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Some Thoughts on Miscarriage Laws from a Woman Who has Miscarried.

Some Thoughts On Miscarriage Laws From a Woman Who Has Miscarried.

Pro-life and pro-choice are two groups which typically do not intersect in the minds of many people. As a venn diagram, the two circles probably don’t overlap, or even touch. According to many people, they can’t even be on the same piece of paper.

For the record, I am pro-choice, however suffering through multiple miscarriages when trying to conceive my second child, was definitely not my choice. In fact, with each of these three, brief pregnancies, I was as pro-life as you can get. I was wishing and praying for life so much that it consumed my every thought as I obsessively charted basal temperature calendars and monitored home pregnancy tests as they gradually faded from ‘bold plus sign’ to a faded dash that looked like an etch-a-sketch which was half-shaken clean.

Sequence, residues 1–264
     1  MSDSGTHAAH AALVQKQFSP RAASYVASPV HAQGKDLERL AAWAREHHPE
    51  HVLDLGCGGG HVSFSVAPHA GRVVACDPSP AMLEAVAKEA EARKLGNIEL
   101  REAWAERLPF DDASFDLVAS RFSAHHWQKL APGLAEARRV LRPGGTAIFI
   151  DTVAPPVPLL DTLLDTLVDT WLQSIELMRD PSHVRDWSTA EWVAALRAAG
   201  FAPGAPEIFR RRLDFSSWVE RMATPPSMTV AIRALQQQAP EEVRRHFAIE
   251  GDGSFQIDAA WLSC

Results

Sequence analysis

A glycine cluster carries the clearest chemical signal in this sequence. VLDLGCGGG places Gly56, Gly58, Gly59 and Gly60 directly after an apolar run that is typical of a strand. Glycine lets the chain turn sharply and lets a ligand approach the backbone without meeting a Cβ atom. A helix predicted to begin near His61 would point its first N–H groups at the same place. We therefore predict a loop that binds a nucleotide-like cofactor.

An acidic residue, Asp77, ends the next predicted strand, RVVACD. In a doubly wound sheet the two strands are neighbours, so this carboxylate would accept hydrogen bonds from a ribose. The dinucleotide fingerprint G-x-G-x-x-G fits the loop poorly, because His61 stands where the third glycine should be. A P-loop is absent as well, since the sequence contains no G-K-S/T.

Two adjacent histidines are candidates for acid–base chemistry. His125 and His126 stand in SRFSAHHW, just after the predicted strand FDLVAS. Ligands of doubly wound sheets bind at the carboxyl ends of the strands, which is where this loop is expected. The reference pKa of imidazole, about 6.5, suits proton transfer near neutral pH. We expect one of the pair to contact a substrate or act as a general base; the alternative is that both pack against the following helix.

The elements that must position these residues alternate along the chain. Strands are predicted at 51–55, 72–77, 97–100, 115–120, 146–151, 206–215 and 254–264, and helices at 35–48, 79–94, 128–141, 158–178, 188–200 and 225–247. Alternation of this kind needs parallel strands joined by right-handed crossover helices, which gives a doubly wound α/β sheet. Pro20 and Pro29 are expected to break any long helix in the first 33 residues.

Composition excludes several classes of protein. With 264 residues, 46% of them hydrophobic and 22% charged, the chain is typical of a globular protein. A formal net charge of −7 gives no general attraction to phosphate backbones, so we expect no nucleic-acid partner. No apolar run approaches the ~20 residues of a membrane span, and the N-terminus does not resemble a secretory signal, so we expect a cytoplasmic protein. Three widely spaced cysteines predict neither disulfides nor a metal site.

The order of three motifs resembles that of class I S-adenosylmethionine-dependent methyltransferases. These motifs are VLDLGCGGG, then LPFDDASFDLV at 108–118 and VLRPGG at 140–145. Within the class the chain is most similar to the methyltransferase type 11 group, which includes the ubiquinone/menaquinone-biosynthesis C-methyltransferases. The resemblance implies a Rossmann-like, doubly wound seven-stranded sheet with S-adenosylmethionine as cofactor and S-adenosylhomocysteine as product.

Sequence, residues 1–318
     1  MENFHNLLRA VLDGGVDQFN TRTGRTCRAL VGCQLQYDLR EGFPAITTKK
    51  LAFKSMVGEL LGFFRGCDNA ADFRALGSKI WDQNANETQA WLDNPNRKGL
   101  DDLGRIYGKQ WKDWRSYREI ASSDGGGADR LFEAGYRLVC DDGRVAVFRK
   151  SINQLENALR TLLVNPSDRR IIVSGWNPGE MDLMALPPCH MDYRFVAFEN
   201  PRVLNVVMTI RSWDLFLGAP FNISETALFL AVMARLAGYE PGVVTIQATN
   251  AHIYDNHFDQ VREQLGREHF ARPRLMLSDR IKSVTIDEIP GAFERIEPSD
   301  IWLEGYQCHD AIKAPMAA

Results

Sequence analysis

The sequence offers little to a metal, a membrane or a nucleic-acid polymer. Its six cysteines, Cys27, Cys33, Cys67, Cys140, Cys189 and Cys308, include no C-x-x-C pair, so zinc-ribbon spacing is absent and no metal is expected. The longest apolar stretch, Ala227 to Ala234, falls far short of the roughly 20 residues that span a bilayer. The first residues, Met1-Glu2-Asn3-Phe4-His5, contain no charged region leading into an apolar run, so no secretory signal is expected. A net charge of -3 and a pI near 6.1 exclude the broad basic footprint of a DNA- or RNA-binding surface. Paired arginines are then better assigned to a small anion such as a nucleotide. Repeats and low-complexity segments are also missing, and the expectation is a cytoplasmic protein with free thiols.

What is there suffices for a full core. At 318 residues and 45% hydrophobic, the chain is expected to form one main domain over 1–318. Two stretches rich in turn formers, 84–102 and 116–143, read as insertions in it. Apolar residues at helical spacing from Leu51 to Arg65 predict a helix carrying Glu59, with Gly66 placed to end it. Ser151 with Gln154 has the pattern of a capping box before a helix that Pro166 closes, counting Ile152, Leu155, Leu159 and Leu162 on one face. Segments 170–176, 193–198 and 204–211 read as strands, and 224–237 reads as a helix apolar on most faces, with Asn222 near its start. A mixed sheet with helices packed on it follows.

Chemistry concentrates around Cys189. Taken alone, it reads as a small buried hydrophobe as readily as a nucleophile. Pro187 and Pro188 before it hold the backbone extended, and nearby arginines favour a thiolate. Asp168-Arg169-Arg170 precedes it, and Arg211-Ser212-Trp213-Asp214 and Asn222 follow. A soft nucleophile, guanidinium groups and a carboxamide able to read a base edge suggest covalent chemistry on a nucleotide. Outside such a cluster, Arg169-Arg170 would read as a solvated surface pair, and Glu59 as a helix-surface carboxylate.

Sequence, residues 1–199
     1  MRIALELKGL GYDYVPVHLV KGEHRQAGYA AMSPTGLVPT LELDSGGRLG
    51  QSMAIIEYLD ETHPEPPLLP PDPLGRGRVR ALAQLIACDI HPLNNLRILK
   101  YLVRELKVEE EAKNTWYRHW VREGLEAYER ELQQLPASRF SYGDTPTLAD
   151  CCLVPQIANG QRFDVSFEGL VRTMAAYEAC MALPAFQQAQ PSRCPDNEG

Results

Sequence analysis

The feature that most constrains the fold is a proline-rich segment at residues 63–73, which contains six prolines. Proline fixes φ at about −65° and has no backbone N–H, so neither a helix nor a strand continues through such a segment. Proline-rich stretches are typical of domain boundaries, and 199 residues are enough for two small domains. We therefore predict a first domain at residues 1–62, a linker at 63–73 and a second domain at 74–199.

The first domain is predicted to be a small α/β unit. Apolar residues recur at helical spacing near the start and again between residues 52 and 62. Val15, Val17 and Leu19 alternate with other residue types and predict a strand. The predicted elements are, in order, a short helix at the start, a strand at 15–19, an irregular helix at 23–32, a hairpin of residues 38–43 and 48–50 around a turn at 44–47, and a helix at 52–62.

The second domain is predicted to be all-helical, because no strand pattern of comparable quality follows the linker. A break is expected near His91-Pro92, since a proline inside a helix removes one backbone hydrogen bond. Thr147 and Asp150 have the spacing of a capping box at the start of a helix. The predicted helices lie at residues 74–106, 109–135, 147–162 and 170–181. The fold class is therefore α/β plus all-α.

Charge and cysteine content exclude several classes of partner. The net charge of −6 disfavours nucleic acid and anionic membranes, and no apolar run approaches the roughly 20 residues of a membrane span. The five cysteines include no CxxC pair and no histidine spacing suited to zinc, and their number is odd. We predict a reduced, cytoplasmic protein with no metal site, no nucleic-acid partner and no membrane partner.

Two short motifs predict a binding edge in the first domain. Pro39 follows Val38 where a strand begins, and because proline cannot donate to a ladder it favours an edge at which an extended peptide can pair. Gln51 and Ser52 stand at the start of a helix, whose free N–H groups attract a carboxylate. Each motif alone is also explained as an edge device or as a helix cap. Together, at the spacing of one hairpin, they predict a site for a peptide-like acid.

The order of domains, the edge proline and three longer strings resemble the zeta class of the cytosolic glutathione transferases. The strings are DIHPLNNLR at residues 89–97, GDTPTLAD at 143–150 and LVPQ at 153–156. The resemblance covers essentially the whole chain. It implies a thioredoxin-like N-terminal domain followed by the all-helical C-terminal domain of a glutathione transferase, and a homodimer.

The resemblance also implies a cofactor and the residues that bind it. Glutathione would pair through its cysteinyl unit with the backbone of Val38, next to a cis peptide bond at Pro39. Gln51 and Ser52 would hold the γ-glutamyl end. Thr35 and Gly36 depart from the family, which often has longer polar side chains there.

I was fortunate that I did not experience any complications with my early miscarriages and I was able to grieve the loss in the privacy of our home. I am also fortunate that my miscarriages happened when we lived in Washington, since we currently live in Texas where a recent mandate put into place recently requires that hospitals and clinic must handle aborted or miscarried fetal tissue “using the process of cremation, entombment, burial, or placement in a niche or by using the process of cremation followed by placement of the ashes in a niche, grave, or scattering of ashes as authorized by law.”